Things only become more bizarre with the final Ranking fight against “Darkstar” (get it?). Travis has to navigate the Forest of Bewilderment guided by the ghost of his sort-of-mentor Thunder Ryu, in order to fight a Darth Vader look-alike who claims to be his father (and who, for some reason, Travis plays along with). Then, his half-sister Jeane (who we, the audience, have never even heard of until now, except for the baffling fact that she shares her name with Travis’ cat) kills off Darkstar and demands a fight in his place, stating that she had become a teenage assassin to get revenge on their father for a lifetime of sexual abuse (as well as for driving her mother to suicide) – again, information that the audience had no idea about until this exact moment.
It’s this twist in particular that has led many people to see No More Heroes as a game about pointlessness or futility: since Jeane’s arrival erases all of the game’s setup in favor of a bizarre left-field twist, it’s easy to interpret this turn as an agreement with Travis that you shouldn’t look for too much meaning in violence. However, I feel like this reading glosses over a critically important aspect of the narrative to reach its conclusion – Travis himself is wilfully ignoring all consequences of reality (and encouraged by the UAA to do so, no less) to pursue this absurd movie-fueled dream of power and glory. His declaration that everything is “meaningless” is a convenient excuse for him to avoid having to actually confront how stupid every decision he makes is.
The very first Ranked assassin of the game, Death Metal, tells Travis that “the wall [to paradise] is high, higher than you will ever know”. Heeding basically no warning, Travis spends the entire fight dreaming of the luxury he might live in and talking about “finding the exit to paradise” while trying to shake off “the feeling of doom running down [his] spine” (ie. the thought that what he’s getting into is extremely fucking stupid). Travis knows that what he’s doing won’t bring him to paradise, he’s just ignoring that knowledge in favor of nonsensical idealism. This forced self-delusion even gets reflected in the inter-mission gameplay – where Killer7 pushed the Smiths along strictly pre-determined routes, Travis has full control within the open world of Santa Destroy, but finds himself constantly retreading the same few paths to the same few locations over and over again.
It’s important that Travis should earn all his baseless confidence from wrestlers and movies, because media as a whole is practically designed to train us to think in particular ways. Artistole’s foundational work in the Poetics laid out a form of drama which, as Augusto Boal puts it in Theatre of the Oppressed, “formulated a very powerful purgative system, the objective of which is to eliminate all that is not commonly accepted, including the revolution, before it takes place.” In more relevant terms; dramatic media uses its position to dictate what we see as “good” and “bad” in the real world itself by shaping its heroes and villains in a certain way, ecouraging us to idolise and aspire to these fictional apexes of good virtue.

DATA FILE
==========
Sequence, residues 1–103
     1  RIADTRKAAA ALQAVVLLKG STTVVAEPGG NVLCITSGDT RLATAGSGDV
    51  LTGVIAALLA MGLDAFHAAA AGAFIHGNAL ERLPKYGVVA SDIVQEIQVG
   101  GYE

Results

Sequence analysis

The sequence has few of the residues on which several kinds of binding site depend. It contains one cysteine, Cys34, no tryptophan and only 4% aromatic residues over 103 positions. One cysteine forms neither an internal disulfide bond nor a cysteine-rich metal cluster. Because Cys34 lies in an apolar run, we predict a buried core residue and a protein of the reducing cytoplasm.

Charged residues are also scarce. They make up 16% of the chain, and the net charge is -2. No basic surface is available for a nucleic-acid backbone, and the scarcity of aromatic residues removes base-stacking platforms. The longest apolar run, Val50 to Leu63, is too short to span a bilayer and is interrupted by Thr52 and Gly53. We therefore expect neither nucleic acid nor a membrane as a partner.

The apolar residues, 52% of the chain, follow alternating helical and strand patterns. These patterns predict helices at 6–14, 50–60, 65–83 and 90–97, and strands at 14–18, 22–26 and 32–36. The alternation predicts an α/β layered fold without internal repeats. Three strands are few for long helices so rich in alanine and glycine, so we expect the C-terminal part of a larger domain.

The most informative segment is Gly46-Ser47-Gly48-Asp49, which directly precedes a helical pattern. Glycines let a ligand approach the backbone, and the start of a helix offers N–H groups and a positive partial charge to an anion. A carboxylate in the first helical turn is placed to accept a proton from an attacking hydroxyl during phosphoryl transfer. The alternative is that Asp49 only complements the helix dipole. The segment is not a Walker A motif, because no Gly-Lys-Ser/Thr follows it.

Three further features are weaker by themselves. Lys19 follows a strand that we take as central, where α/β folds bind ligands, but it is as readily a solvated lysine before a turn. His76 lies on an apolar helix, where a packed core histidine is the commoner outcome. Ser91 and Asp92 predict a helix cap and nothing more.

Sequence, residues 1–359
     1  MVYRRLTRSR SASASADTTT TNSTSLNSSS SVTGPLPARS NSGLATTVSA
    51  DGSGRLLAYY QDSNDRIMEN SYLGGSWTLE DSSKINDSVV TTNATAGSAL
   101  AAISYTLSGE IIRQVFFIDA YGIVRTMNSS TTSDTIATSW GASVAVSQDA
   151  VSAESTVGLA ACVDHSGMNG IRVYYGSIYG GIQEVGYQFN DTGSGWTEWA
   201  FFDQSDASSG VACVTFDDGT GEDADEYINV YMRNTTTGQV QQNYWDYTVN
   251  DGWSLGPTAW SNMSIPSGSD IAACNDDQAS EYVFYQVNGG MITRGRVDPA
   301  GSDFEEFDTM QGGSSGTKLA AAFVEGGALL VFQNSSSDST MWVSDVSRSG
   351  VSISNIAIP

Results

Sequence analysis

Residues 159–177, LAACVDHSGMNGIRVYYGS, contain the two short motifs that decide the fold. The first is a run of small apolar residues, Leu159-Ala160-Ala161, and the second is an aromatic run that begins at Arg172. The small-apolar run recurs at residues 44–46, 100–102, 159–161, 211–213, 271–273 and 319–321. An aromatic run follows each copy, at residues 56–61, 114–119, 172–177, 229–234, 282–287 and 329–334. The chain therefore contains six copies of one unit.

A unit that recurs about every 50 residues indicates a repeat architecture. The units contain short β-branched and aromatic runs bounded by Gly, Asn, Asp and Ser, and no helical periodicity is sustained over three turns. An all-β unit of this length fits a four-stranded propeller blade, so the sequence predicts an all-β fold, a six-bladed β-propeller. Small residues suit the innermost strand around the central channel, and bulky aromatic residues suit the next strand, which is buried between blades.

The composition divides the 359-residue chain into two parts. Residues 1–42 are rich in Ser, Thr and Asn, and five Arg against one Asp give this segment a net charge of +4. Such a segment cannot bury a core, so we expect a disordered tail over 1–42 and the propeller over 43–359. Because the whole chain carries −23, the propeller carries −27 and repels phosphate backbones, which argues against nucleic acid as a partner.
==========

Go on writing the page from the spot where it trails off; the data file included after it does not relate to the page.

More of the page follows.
A character – almost always the villain in contemporary media – possesses some fatal flaw that leads them to aggressive, violent or generally antisocial acts, and a hero comes to “purge” them of that flaw, re-establishing law and order. In the much more contemporary age of anti-heroes like Batman and Dirty Harry, media starts to carry the blatant messaging that what society assigns as ‘good’ can also perform the same violent acts of evil, but are justified in their actions solely by siding with the establishment.
Normally Travis would be the character who arrives to re-establish order, and he certainly tries to act the part by repeating the Cool Guy stuff that he’s seen on screen, except there’s almost nothing separating him from his opponents ideologically or morally. The many “antagonists” of the story all share the exact same ‘flaw’ – a desire to enact violence on others – and in a conventional story Travis would ultimately learn to shed this flaw from himself, except he refuses to learn or grow and it sticks – there is no catharsis. The finale, in which the narrative suddenly and dramatically shifts is a near-supernatural effort to correct course, to finally punish Travis for his tendencies, and Jeane delivers him a seemingly fatal blow – only for Shinobu to intervene and allow Travis to continue to live, victorious.
By the time the game’s wrapped up, none of Travis’ ambitions even came close to true; he’s still living in his dingy motel, on his own, broke and alone with no resolution to his adventure and a whole new trail of dead bodies following him around. The game even cheekily notes that Travis is meant to die here by sending a nameless assassin to off him on the toilet right as credits roll, only to then offer up The Real Ending in which not only does Travis live, the game then introduces tons of unnecessary information just to kill any sense of closure or satisfaction in his narrative. In the last few lines of the game Travis is reminded that, as the protagonist, it’s his job to tie up the loose ends and provide the narrative’s catharsis, to which he replies “then let’s find that exit they call ‘paradise'”.
Cue freeze frame.
I know. Too bad I won’t write about the sequel.